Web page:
George Washington was much more than just the first President of the United States, and his monument in Washington, DC is much more than just a building.
Before George Washington served as President from 1789 to 1797, he lead the Continental Army to defeat the British and secure independence for the United States. He also lead the Continental Convention to create the United States’ most valuble governmental document, the Constitution. One of his first duties as President was to survey the Potomac River area to find a suitable place for the nation’s new capital. It is only fitting that the Washington Monument be the most prominent structure in this city.
The Washington Monument, the tallest building in Washington, DC, also houses the nation’s most unique rock collection. The stones on the outside help preserve the history of the monument’s construction. Meanwhile, the stones on the inside make a visit to the Washington Monument like a geology field trip around the world, including all 50 states and several national parks. Through geology, the whole country truly comes together to honor the first President of the United States.
The Washington National Monument Society formed in 1833 to honor George Washington with a proper monument in the capital city. What was first envisioned as an equestrian statue grew into a larger and grander monument as the society requested different designs.
Robert Mills designed an impressive and ornate structure that drew on an ancient Egyptian design –an obeliesk-- as its centerpiece. A traditional obelisk should measure 10 times higher than it is wide at the base, and be carved from a single block of stone.
As designed, the Washington Monument obelisk would be 600 feet tall –taller than any other builing in the world-- and made from over 36,000 individual blocks. There was also to be a decorative collenade surrounding the base with space for several statues.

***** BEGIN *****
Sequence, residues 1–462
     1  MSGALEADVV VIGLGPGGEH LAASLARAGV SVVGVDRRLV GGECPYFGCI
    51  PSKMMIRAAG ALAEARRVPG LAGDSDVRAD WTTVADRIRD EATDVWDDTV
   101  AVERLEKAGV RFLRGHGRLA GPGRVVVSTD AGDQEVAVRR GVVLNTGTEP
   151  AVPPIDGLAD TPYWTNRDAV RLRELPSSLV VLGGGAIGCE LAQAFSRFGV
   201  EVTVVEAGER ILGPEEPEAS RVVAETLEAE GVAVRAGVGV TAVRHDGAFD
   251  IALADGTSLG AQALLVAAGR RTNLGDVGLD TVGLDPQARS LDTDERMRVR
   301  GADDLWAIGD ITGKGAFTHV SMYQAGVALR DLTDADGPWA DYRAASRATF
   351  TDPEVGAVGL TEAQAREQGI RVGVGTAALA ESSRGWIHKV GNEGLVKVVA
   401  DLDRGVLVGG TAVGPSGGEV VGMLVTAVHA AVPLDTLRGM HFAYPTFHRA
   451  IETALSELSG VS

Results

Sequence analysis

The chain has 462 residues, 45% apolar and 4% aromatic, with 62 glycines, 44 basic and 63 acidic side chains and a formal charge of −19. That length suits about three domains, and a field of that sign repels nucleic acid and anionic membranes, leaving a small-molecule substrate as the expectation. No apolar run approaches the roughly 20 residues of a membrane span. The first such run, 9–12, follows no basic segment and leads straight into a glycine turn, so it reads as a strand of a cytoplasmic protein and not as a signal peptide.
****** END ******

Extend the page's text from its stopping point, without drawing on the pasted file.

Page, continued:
Construction began on the Washington Monument in 1848, but unfortunately stopped in 1853 because there was no money to continue. The monument was only 150 feet tall at that time. In 1878 Congress appropriated funds to complete the Washington Monument, without the decorative colledade. Thomas Casey, an engineer with the Army Corps of Engineers, made measurments and changes to the monument’s design. Because the base was only slightly wider than 55 and a half feet, not 60 feet (x 10 = 600ft), the monument could only go up slightly more than 555 feet. When it was finished in 1884, it was the world’s tallest building. Today, at 555 feet, 5 1/8 inches, the Washington Monument is no longer the world’s tallest building, but it does hold the record as the world’s tallest free standing stone building. The stone supports itself without help from steel beams or anything else.
How does the geology of the building materials help preserve the story of construction?
Since the Washington Monument has no structural support other than the stone itself, the building materials needed to be not only beautiful, but strong as well. White marble on the outside is backed with gneiss and granite on the inside to make 15 foot thick walls at the base which taper to 18 inches at the top. Almost all of the white marble on the outside was quarried near Baltimore, Maryland from two quarries just a mile apart. A few layers near the color change show white marble from Massachusettes. Metamophic Piedmont rock (gneiss) from Little Falls, Maryland fills in the thick walls below 150 feet while granite from Maine was used above 150 feet. A pyramid shaped alluminum capstone sits at the monument’s tip. In the lates 1800s, alluminum was more precious than silver or gold.
The Washington Monument stands not only because of the structural support of its construction stones, but also because of the symbolic support of its commemorative stones. During –and even after—the construction of the monument, 193 commemorative stones were donated by individuals, groups, cities, foreign countries, and all 50 states. These stones are carved works of art which also give us a way to see 193 different kinds of rock in a single building! Take a virtural tour of the staircase inside the Washington Monument from both a geologist and a historian to conclude your GeoStory Tour of the National Mall.
Visit the Washington Monument online or view the 193 commemorative stones.
Stop 1: The Geology of the Washington D.C. Area
Stop 2: The History of Washington D.C.
Stop 3: Finding D.C.’s Foundation
Stop 4: A Watery Past
Stop 5: GeoStory of the Lincoln Memorial
Stop 6: Remembering War
Stop 7: Stories in Stone at the Franklin Delano Roosevelt Memorial
Stop 8: Thomas Jefferson Memorial - A Place of Controversy
Stop 9: Washington Monument - The Nation’s Most Unique Rock Collection
Stop 10: Who Cares for the National Mall
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